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Building a new life: Secondhand bookstore run by homeless in Athens

Without a job and homeless Leonidas Koursoumis never gave up his dream to build a new life. He established a secondhand bookstore run exclusively by homeless people in Athens.

Relegated to the ranks of Greeks made homeless during the country’s economic crisis, one 70-year-old man reclaimed some of his past glory by taking matters into his own hands.

Leonidas Koursoumis lost his job in a publishing house in 2012 and became a homeless himself. How would give a job to an elderly man?
Despite the hardship, he never lost his dream: to build a new life and help people in the same situation as he.
While he was wandering the streets of Athens, Leonidas usually spent his time looking for books that had been discarded in trashcans, which he collected and later sold to secondhand book stalls in Athens’ flea market for a few euros. This gave him the idea to open his own secondhand bookstore, where he and the friends he met on the streets — fellow homeless people — could work and make a living.On a winter’s morning in January he woke up determined to make his idea a reality. By this point he had made a home for himself in a storeroom behind a friend’s office. He issued a call on Facebook, asking for people to donate books they didn’t want anymore. On that first day alone, more than 900 people shared his post. Soon, Greek media picked up on it and started writing about him, helping his story to go viral across the country. This generated a whole wave of people wanting to support his cause, and dozens of packages full of books, sometimes used, sometimes brand new, started arriving at his door.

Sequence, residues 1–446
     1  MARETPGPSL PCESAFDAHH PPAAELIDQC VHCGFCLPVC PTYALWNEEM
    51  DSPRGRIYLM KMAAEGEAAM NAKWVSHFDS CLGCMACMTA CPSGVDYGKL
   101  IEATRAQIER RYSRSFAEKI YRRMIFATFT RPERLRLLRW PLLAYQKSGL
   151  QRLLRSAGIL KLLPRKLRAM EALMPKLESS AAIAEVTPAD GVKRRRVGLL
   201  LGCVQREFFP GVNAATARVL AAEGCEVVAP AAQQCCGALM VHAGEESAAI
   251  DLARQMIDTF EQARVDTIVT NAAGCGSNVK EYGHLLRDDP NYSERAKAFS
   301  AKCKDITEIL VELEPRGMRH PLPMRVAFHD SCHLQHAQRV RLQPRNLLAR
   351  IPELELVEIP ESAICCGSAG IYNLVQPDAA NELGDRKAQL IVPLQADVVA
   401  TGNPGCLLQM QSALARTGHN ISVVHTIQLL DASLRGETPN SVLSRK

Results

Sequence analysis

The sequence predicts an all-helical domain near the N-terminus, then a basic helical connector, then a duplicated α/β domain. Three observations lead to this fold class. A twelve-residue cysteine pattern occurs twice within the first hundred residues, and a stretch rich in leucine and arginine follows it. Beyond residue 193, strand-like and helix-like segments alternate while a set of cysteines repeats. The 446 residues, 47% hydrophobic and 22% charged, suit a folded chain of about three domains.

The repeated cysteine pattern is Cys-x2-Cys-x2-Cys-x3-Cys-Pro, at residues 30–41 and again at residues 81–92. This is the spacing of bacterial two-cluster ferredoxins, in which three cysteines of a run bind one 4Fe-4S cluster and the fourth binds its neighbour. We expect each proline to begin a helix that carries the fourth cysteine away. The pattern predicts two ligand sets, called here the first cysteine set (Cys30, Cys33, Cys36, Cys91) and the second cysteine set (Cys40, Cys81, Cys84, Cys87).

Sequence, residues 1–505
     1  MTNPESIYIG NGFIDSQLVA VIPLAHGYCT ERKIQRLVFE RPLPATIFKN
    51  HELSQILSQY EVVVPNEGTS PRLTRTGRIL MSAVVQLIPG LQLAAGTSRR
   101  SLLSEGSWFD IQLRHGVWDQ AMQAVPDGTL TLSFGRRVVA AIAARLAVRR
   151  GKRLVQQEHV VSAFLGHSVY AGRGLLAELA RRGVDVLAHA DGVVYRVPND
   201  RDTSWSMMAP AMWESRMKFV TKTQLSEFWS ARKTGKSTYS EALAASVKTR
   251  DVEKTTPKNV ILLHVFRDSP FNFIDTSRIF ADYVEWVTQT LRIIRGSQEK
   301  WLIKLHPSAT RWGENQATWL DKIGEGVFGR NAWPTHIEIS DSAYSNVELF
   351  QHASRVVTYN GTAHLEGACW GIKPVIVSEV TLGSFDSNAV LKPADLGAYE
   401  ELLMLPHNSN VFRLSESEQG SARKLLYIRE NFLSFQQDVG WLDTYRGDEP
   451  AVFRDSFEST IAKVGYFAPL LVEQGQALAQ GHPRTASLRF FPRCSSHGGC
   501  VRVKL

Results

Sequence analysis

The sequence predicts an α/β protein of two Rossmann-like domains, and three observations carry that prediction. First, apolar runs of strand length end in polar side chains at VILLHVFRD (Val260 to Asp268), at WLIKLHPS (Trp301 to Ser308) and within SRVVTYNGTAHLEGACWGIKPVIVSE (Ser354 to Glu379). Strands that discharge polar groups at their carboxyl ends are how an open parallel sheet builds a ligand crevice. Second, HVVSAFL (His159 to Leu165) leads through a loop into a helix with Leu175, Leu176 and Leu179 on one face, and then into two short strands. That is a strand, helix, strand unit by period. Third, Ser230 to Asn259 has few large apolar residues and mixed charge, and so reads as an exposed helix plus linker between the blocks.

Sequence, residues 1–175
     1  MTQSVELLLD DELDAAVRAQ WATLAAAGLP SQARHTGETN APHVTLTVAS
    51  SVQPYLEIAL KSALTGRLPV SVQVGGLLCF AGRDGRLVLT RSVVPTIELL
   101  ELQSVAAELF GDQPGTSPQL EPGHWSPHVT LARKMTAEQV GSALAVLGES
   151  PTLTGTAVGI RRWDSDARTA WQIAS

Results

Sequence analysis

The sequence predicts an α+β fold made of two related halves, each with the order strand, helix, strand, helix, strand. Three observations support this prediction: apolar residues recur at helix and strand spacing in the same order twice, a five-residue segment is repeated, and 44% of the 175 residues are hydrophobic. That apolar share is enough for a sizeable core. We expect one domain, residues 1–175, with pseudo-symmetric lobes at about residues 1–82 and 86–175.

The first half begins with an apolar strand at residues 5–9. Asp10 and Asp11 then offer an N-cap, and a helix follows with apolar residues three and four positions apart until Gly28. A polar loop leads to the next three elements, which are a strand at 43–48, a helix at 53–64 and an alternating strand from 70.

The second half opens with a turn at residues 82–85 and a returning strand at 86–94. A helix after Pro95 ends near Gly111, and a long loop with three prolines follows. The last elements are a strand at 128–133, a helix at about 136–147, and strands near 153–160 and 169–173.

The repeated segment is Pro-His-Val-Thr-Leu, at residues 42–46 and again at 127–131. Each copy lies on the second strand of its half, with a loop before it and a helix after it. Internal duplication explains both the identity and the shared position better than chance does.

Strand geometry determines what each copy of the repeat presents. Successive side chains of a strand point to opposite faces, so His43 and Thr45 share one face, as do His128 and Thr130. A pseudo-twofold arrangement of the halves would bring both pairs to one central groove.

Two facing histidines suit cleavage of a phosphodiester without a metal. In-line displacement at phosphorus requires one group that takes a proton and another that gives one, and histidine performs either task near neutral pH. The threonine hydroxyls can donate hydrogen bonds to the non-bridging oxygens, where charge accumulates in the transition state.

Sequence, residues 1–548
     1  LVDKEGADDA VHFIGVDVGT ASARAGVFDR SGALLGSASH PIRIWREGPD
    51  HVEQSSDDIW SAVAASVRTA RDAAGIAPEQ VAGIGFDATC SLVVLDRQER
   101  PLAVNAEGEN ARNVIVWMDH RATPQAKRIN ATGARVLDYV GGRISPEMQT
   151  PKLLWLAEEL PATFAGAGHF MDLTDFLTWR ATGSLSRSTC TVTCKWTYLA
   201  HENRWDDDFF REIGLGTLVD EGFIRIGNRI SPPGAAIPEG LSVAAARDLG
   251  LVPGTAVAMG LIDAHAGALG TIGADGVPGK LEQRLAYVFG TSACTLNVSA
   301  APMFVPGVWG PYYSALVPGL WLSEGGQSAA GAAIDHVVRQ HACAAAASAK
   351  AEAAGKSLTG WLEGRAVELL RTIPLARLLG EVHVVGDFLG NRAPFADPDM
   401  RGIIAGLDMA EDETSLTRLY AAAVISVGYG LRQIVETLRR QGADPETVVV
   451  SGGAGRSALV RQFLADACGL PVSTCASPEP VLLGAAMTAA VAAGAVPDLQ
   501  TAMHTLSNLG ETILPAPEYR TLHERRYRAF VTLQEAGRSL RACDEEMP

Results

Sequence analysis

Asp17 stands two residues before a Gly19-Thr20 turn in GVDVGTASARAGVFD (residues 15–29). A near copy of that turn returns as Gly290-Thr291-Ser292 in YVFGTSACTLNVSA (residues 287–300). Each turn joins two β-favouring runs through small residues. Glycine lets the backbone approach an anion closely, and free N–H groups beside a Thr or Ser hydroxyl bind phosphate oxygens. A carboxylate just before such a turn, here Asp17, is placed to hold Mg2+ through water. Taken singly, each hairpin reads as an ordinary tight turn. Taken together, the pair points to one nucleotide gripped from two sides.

“We received books from all over the country. We have approximately 50,000 books for sale right now,” he said with pride. His book bazaar found its current temporary home thanks to an anonymous donor.

Leonidas Koursoumis’ bookstore is open from 11 a.m. to 6 p.m. daily. People come to buy books or to offer ones they no longer need

That first official call to donate was a huge success, as were the ones that followed. “The money we got covered renting a house for six months,” he said with a smile.

Today Leonidas has even bigger dreams: He is hopeful that he and his friends can regain part of their old lives. He wants to create a community center run by the homeless for the homeless at the new permanent spot he has found in the Tavros neighborhood, open a second bookstore. He wants to help as many homeless people as possible.

The number of homeless people in Athens has swelled dramatically in recent years. While in the very beginning of the economic crisis, about 70% foreigners and 30% Greeks were homeless, their number drastically increased in the last four years.

According to a 2017 report by FEANTSA (European Federation of National Organizations Working with the Homeless) about 15,000 people are without a home in the wider region of the Attica peninsula, which includes the Greek capital. The actual number though is hard to estimate, as many never ask for help. ”

Full story Deutsche Welle

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  1. Bravo Leonidas…. inspiration reading…..I wish I could help….

  2. What a great idea!